news services
updated 8/28/2006 12:48:23 PM ET 2006-08-28T16:48:23

Three people died and dozens more were injured in a blast in Turkey’s Mediterranean city Antalya on Monday, the fifth bomb to hit the country in less than 24 hours.

Two witnesses told Reuters by telephone from Antalya they heard a loud explosion, which broke windows, shattered glass, and sparked a fire at a shopping area in the center of the city, one of Turkey’s most popular tourist destinations.

“A parked motorbike next to a tramway had exploded and pieces of the motorbike were shattered all around. A man who was a street vendor was then dead,” said a shaken local businessman, who declined to be named.

Local police said two people were killed in the attack and many more were injured, with one policeman saying up to 50 may have been hurt. Shortly afterwards private broadcaster NTV reported a third person had died at hospital from injuries.

State-run Anatolian news agency said a nearby street had been shut off to traffic because a suspicious bag was found. A bomb squad was on its way to the scene.

“The cause of the explosion is still under investigation,” said Guzide Ormeci, a spokeswoman for the governor’s office. “It occurred in front of a building housing Turkish restaurants.”

Claim of responsibility in earlier blasts
The Antalya blast came less than 24 hours after three bombs in the coastal tourist resort of Marmaris injured 21 people within 15 minutes and another device in Istanbul wounded six people earlier in the evening.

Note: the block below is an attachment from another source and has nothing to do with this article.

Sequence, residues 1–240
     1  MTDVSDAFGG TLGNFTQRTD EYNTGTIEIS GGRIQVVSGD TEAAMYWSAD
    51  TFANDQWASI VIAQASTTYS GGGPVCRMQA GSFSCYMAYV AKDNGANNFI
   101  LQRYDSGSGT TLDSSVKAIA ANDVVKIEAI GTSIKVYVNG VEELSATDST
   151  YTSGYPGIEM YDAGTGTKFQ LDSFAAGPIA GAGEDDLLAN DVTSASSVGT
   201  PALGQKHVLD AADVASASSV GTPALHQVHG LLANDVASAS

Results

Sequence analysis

A hardline Kurdish militant group claimed responsibility Monday for that bombing, as well as the Istanbul attack.

The Kurdistan Freedom Falcons, a small group linked to the main Kurdish guerrilla group, the Kurdistan Workers Party, or PKK, claimed responsibility on its Web site for Sunday’s attacks and warned that “Turkey is not a safe country. Tourists should not come to Turkey.”

Kurdish militants have repeatedly threatened to target Turkey’s crucial tourism industry as part of their fight for autonomy in the Turkish southeast.

The same militant group had also claimed responsibility for a 2005 bomb blast that destroyed a minibus in the Aegean resort town of Kusadasi, killing five people and injuring 13 others. The dead included a British woman and an Irish teenager.

The rebel statement did not mention the Antalya explosion on Monday.

The Mediterranean coast is extremely popular with millions of European tourists who flock to Turkey during the summer months.

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